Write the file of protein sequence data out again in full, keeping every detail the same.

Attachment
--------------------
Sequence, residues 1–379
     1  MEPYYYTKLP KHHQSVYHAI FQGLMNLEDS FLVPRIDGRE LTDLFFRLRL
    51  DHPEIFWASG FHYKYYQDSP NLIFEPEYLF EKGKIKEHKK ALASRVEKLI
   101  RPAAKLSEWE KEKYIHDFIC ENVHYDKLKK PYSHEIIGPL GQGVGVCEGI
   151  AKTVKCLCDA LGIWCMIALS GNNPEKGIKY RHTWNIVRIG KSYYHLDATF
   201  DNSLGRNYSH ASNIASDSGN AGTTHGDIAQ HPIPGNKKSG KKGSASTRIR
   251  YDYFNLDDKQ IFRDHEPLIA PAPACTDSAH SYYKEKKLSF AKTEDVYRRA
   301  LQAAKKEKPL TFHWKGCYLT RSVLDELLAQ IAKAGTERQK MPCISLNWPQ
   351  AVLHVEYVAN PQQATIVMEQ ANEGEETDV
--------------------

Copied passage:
Sequence, residues 1–379
     1  MEPYYYTKLP KHHQSVYHAI FQGLMNLEDS FLVPRIDGRE LTDLFFRLRL
    51  DHPEIFWASG FHYKYYQDSP NLIFEPEYLF EKGKIKEHKK ALASRVEKLI
   101  RPAAKLSEWE KEKYIHDFIC ENVHYDKLKK PYSHEIIGPL GQGVGVCEGI
   151  AKTVKCLCDA LGIWCMIALS GNNPEKGIKY RHTWNIVRIG KSYYHLDATF
   201  DNSLGRNYSH ASNIASDSGN AGTTHGDIAQ HPIPGNKKSG KKGSASTRIR
   251  YDYFNLDDKQ IFRDHEPLIA PAPACTDSAH SYYKEKKLSF AKTEDVYRRA
   301  LQAAKKEKPL TFHWKGCYLT RSVLDELLAQ IAKAGTERQK MPCISLNWPQ
   351  AVLHVEYVAN PQQATIVMEQ ANEGEETDV